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New Century, Old Disparities : Gender and Ethnic Earnings Gaps in Latin America and the Caribbean

Author

Listed:
  • Hugo Ñopo

Abstract

Despite sustained economic growth at the end of the 20th and the beginning of the 21st century, Latin America and the Caribbean still faces high inequality and weak indicators of well-being among certain population groups. Women, people of African ancestry, and indigenous peoples are often at the bottom of the income distribution. The share of female-headed households rose in the past 20 years. By the beginning of the 1990s, women headed 1.2 percent of complete households (households in which both husband and wife are present) and 79.8 percent of single- head households. This book presents a regional overview of gender and ethnic disparities in labor earnings during this last turn of the century. Latin America and the Caribbean provide a rich environment for studying social inequality, because historical inequalities along gender and ethnic lines persist, despite positive indicators of economic development. The extent of inequality and its probable causes vary widely across the many countries in the region. The book adopts a sophisticated econometric methodology for measuring earnings gaps and applies it consistently across and within countries to measure gender and racial or ethnic differences. The analysis includes a dynamic dimension that sheds light on the evolution of earnings gaps over time. The book offers important insights on economic and political strategies that could be adopted to reduce inequality. The reduction of gender-based segregation in the workplace represents an area in which policy interventions can improve the efficiency of labor markets. Determining whether addressing occupational rather than hierarchical segregation is more effective is one of the areas of policy design to which this book aims to make a contribution. Latin America and the Caribbean is also a racially and ethnically diverse region, with some 400 ethnic groups.

Suggested Citation

  • Hugo Ñopo, 2012. "New Century, Old Disparities : Gender and Ethnic Earnings Gaps in Latin America and the Caribbean," World Bank Publications, The World Bank, number 11953, September.
  • Handle: RePEc:wbk:wbpubs:11953
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    References listed on IDEAS

    as
    1. Autor, David H. (ed.), 2009. "Studies of Labor Market Intermediation," National Bureau of Economic Research Books, University of Chicago Press, number 9780226032887, March.
    2. Alberto Chong & Eliana La Ferrara, 2009. "Television and Divorce: Evidence from Brazilian Novelas," Journal of the European Economic Association, MIT Press, vol. 7(2-3), pages 458-468, 04-05.
    3. Alberto Chong & Eliana La Ferrara, 2009. "Television and Divorce: Evidence from Brazilian Novelas," Journal of the European Economic Association, MIT Press, vol. 7(2-3), pages 458-468, 04-05.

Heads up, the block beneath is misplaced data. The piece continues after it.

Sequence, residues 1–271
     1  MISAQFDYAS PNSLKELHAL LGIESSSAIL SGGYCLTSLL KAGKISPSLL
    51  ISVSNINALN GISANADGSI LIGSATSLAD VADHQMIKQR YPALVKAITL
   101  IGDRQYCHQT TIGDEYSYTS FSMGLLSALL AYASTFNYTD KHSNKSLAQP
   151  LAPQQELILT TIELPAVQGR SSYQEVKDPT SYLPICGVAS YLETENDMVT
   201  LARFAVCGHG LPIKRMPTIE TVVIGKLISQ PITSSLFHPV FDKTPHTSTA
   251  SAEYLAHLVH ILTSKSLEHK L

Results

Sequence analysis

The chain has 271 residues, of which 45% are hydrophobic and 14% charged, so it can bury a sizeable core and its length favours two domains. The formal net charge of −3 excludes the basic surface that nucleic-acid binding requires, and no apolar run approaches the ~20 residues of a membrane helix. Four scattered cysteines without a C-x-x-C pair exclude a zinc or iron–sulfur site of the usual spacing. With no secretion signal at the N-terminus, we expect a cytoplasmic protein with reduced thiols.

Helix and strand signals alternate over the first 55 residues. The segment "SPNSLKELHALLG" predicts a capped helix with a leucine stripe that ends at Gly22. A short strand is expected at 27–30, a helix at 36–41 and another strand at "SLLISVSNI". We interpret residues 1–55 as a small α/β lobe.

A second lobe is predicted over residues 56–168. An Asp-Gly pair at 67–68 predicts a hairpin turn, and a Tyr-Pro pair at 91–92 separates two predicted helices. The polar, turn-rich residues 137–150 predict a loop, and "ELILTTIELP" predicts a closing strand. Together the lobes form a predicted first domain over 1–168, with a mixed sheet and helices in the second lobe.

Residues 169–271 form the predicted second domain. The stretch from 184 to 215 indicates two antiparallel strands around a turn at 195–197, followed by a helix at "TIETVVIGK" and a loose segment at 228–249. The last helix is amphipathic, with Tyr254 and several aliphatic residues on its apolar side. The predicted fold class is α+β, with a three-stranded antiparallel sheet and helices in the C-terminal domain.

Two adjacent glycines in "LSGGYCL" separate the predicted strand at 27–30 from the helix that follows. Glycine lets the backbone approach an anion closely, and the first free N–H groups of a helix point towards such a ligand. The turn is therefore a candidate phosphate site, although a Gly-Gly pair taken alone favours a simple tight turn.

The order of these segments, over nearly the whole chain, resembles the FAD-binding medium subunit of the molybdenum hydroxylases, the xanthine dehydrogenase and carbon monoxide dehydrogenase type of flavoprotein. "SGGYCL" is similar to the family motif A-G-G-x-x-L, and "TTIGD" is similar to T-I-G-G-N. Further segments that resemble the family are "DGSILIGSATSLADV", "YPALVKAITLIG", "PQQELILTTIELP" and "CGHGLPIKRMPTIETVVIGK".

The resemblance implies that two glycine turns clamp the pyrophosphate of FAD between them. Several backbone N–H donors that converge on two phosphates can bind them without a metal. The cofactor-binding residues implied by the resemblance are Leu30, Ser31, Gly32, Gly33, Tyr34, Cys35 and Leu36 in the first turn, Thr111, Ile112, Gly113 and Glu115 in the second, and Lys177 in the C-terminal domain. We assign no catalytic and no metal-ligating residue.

4. David H. Autor, 2009. "Introduction to "Studies of Labor Market Intermediation"," NBER Chapters,in: Studies of Labor Market Intermediation, pages 1-23 National Bureau of Economic Research, Inc.
    5. Joseph G. Altonji & Charles R. Pierret, 2001. "Employer Learning and Statistical Discrimination," The Quarterly Journal of Economics, Oxford University Press, vol. 116(1), pages 313-350.
    6. David H. Autor, 2009. "Studies of Labor Market Intermediation," NBER Books, National Bureau of Economic Research, Inc, number auto07-1, September.
    Full references (including those not matched with items on IDEAS)

    Citations

    Blog mentions

    As found by EconAcademics.org, the blog aggregator for Economics research:
    1. Las matemáticas no son juego de muñecas
      by Hugo Ñopo in La educación de calidad es posible on 2014-03-07 02:40:19

    Citations

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    Cited by:

    1. Joanna Tyrowicz & Lucas van der Velde, 2017. "When the opportunity knocks: large structural shocks and gender wage gaps," GRAPE Working Papers 2, GRAPE Group for Research in Applied Economics.
    2. Bhalotra, Sonia & Fernandez Sierra, Manuel, 2018. "The distribution of the gender wage gap," ISER Working Paper Series 2018-10, Institute for Social and Economic Research.
    3. repec:ecr:col070:42656 is not listed on IDEAS
    4. Branko Milanovic & Sean Higgins & Nora Lustig & Whitney Ruble & Timothy M. Smeeding, 2016. "Comparing the Incidence of Taxes and Social Spending in Brazil and the United States," Review of Income and Wealth, International Association for Research in Income and Wealth, vol. 62, pages 22-46, August.
    5. Anglade, Boaz & Useche, Pilar & Deere, Carmen Diana, 2017. "Decomposing the Gender Wealth Gap in Ecuador," World Development, Elsevier, vol. 96(C), pages 19-31.
    6. Agénor, Pierre-Richard & Canuto, Otaviano, 2015. "Gender equality and economic growth in Brazil: A long-run analysis," Journal of Macroeconomics, Elsevier, vol. 43(C), pages 155-172.
    7. repec:spr:izalbr:v:7:y:2018:i:1:d:10.1186_s40172-018-0069-4 is not listed on IDEAS
    8. José María Rentería, 2015. " Brechas de ingresos laborales en el Perú urbano: una exploración de la economía informal," Documentos de Trabajo / Working Papers 2015-408, Departamento de Economía - Pontificia Universidad Católica del Perú.
    9. Viáfara López Carlos Augusto & Serna Alvarado Nini Johanna, 2015. "Desigualdad de oportunidades educativas en la población de 15 a 29 años en Brasil y Colombia según autoclasificación étnico-racial," Revista Sociedad y Economía - CIDSE, Universidad del Valle - CIDSE, April.
    10. repec:ite:iteeco:180104 is not listed on IDEAS

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